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Australia: Rights Failings Tarnish Regional Credibility

Reduce Indigenous Incarceration; Stop Subsidizing Fossil Fuels

Indigenous people take part in an "Invasion Day" protest on Australia Day in Sydney on January 26, 2022. © 2022 STEVEN SAPHORE/AFP via Getty Images

(Jakarta) – The Australian government’s failure to uphold the rights of First Nations people and asylum seekers harms the government’s credibility to promote human rights in the region, Human Rights Watch said today in its World Report 2023. Similarly, the government’s continued support for fossil fuel expansion undermines its international standing on climate justice.

“The Australian government should recognize that its credibility to advance democracy and human rights in the region means urgently addressing its own deficiencies,” said Sophie McNeill, senior Australia researcher at Human Rights Watch. “The authorities are jailing children under 14, punishing peaceful environmental protesters with outrageous sentences, and mistreating Indigenous people in prison and asylum seekers.”

In the 712-page World Report 2023, its 33rd edition, Human Rights Watch reviews human rights practices in close to 100 countries. In her introductory essay, acting Executive Director Tirana Hassan says that in a world in which power has shifted, it is no longer possible to rely on a small group of mostly Global North governments to defend human rights. The world’s mobilization around Russia’s war in Ukraine reminds us of the extraordinary potential when governments realize their human rights obligations on a global scale. The responsibility is on individual countries, big and small, to apply a human rights framework to their policies, and then work together to protect and promote human rights.

In 2022, disturbing revelations emerged regarding conditions inside Australia’s prison system. The state government in Western Australia refused to install air conditioning in residential cells at Roebourne Regional Prison, even though temperatures reached a record high of 50.5 degrees Celsius (123 degrees Fahrenheit), last year, posing a significant risk to prisoners’ health. Ninety percent of the prison population at Roebourne are First Nations people. In November, following public pressure from the Aboriginal Legal Service, Human Rights Watch, and others, the state government backtracked and said it would install air conditioning, but not until after this summer.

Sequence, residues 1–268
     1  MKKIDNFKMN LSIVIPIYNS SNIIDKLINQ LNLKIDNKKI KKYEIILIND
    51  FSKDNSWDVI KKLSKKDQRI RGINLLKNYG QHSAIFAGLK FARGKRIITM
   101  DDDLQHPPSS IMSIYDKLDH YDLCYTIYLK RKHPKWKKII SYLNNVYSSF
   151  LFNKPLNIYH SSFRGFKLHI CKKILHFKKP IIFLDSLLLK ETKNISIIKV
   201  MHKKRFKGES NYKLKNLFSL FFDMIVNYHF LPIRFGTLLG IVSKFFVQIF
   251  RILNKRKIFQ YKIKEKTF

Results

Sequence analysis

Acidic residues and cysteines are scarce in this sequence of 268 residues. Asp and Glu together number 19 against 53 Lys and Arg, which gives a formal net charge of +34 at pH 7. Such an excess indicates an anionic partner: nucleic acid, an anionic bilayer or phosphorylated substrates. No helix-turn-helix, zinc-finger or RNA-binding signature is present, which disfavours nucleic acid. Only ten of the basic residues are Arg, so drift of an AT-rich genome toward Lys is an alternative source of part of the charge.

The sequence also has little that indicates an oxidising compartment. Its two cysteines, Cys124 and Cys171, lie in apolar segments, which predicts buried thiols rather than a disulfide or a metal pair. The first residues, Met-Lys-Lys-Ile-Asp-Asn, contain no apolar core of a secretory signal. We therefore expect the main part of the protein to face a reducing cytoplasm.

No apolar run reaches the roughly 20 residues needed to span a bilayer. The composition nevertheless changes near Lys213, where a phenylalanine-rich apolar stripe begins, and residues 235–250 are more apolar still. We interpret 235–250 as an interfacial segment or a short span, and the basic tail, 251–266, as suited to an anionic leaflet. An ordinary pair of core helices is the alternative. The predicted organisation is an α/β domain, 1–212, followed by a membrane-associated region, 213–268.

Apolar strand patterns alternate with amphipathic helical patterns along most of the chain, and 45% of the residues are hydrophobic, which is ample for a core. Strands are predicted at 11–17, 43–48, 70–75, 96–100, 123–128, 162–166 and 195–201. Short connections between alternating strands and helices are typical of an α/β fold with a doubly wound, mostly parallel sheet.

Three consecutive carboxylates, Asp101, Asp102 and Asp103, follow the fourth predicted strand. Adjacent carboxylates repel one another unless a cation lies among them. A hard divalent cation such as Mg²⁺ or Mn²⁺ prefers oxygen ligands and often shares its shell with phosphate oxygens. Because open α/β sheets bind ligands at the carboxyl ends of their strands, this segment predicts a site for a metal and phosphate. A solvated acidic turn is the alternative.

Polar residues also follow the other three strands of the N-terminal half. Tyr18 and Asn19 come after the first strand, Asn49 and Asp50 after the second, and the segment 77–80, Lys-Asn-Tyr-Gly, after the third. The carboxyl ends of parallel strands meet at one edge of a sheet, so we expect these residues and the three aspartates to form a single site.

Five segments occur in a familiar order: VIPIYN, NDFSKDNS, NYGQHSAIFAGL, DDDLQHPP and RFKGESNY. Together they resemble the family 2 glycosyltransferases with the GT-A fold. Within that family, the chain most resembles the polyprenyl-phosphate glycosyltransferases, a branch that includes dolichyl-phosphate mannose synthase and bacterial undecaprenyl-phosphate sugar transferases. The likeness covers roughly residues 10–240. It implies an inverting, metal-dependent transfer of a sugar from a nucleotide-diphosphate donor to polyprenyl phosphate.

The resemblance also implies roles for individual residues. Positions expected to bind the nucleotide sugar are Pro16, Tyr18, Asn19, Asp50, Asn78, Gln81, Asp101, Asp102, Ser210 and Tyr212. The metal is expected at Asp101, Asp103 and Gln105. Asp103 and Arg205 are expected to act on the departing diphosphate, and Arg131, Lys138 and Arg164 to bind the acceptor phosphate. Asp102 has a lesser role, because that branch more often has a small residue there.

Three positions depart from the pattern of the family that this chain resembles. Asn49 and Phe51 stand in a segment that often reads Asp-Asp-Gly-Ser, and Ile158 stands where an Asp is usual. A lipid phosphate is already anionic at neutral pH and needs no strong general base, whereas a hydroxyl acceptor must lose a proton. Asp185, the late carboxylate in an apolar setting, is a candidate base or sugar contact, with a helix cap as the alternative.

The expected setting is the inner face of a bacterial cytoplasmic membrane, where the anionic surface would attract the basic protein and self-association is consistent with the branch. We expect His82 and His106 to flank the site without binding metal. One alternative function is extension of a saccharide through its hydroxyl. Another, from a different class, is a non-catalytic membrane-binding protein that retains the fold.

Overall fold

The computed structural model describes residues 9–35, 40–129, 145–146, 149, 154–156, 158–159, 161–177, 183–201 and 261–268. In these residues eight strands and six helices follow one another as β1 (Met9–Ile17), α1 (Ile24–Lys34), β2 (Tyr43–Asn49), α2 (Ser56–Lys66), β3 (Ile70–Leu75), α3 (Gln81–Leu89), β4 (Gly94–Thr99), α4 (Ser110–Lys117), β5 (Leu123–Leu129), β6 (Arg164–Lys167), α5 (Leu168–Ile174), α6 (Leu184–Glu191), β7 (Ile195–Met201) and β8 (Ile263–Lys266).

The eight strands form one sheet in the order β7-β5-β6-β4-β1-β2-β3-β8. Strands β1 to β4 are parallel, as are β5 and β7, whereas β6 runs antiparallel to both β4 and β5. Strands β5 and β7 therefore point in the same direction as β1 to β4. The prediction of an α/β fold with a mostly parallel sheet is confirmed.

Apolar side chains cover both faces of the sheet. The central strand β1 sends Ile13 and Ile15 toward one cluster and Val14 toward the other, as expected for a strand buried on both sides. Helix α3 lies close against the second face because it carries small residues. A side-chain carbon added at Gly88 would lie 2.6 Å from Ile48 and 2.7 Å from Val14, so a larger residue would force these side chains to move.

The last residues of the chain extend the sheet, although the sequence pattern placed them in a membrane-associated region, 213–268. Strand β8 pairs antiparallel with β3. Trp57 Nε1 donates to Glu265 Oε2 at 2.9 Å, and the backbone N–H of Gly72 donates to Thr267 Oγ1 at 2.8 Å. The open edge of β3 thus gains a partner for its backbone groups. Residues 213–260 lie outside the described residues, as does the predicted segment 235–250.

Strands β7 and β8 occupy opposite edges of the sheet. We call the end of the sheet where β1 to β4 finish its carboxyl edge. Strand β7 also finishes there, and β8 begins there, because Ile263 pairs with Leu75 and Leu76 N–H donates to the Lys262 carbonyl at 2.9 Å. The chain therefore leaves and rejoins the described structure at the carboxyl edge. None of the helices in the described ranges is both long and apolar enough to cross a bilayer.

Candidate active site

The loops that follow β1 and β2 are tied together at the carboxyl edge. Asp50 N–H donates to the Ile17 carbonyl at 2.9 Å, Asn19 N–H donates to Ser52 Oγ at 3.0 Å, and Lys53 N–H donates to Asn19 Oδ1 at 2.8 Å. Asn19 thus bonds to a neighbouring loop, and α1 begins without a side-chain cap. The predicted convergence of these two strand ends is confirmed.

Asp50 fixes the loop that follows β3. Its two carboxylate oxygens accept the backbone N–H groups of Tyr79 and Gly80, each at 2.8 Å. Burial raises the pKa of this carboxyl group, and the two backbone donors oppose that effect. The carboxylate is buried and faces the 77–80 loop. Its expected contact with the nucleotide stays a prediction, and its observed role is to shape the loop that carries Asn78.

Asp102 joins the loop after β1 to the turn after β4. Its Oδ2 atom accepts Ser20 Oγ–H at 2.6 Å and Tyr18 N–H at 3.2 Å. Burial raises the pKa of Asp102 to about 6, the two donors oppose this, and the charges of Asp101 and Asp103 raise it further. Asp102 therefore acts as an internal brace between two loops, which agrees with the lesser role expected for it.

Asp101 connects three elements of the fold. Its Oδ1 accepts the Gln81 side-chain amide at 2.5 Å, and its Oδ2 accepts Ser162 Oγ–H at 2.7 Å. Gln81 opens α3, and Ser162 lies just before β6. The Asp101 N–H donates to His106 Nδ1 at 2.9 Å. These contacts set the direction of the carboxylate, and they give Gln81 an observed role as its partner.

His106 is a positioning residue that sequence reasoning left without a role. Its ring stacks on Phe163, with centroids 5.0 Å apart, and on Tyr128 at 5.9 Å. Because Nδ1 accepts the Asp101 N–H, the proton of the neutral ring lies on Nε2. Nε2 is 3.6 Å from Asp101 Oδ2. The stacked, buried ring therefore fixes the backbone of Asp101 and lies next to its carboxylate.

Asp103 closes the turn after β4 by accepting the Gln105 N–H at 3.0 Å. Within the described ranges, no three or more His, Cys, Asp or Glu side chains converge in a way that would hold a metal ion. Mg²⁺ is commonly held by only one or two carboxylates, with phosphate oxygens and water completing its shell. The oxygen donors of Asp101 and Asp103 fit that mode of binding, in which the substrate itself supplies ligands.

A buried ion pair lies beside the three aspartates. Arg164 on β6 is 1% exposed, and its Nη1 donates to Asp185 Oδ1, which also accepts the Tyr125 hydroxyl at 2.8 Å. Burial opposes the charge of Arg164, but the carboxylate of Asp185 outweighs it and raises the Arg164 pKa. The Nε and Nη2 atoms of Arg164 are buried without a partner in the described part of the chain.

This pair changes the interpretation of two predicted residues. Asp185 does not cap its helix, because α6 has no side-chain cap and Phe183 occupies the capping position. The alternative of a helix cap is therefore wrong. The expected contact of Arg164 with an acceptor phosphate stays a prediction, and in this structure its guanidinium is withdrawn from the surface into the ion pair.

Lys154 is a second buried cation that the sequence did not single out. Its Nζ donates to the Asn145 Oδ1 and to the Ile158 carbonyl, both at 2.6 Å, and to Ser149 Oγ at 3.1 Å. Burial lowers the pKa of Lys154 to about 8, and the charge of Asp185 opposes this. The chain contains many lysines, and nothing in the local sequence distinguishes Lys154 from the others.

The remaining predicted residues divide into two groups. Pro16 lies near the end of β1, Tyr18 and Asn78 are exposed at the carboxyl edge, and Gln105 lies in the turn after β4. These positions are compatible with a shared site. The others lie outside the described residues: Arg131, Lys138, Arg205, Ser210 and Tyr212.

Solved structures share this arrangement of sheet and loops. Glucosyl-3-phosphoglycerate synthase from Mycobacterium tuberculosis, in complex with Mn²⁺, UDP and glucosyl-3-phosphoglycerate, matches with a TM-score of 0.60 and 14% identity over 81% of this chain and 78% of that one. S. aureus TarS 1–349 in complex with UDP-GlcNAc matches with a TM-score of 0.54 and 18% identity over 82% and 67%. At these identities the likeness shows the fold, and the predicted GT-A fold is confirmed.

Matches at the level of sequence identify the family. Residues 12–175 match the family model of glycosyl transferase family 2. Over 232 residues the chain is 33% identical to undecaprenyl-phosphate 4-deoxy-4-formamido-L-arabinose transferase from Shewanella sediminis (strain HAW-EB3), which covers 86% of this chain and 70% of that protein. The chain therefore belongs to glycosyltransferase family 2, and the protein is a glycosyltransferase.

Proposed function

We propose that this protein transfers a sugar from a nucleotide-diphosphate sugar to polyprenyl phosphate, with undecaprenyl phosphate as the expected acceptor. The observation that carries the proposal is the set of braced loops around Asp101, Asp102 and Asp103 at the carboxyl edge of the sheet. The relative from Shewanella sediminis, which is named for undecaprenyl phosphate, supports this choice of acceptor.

Prison and detention center conditions in the country remained a concern. In October, the United Nations Subcommittee on Prevention of Torture suspended its visit to Australia due to obstructions it encountered in visiting several detention sites in Australia and accessing requested documentation.

Indigenous people are significantly overrepresented in the criminal justice system, with Aboriginal and Torres Strait Islander people comprising 29 percent of Australia’s adult prison population, but just 3 percent of the national population. At least 17 Indigenous people died in custody in Australia in 2022, and 11 in 2021. An estimated 444 children under 14 were imprisoned in the past year across Australia.

Indigenous children are 20 times more likely to be incarcerated than non-Indigenous children. In Australia, the minimum age of criminal responsibility is 10, lower than the internationally accepted age of 14.

The government of Prime Minister Anthony Albanese has also failed to meet Australia’s obligations under international human rights law to prevent further foreseeable harm linked to the climate crisis. Australia is among the top 20 emitters and one of the world's biggest per capita emitters of greenhouse gases responsible for the climate crisis.

The Albanese government has actively supported the expansion of fossil fuels industries, denying responsibility for emissions created by the vast amounts of coal and gas Australia exports overseas and ruling out any discussion on banning new fossil fuel projects.

The state of New South Wales introduced new laws and penalties specifically targeting climate protesters, punishing them with hefty fines and up to two years prison for protesting without permission in violation of international law.

Human Rights Watch research found that the authorities in New South Wales were disproportionately punishing climate protesters in violation of their rights to peacefully protest. Magistrates were imposing harsh and excessive penalties and bail conditions on climate protesters. New anti-protest laws passed in the states of Victoria and Tasmania also invoke severe penalties for nonviolent protest.

By turning back a boat carrying asylum seekers just days after the nationwide election in May, the Albanese government signaled its intention to continue the “turn-back” policy of interdicting boats and summarily forcing them away from Australian territory and returning the people on-board to countries of departure or origin. The government has since confirmed that it has no plans to end the policy of offshore processing of asylum seekers.

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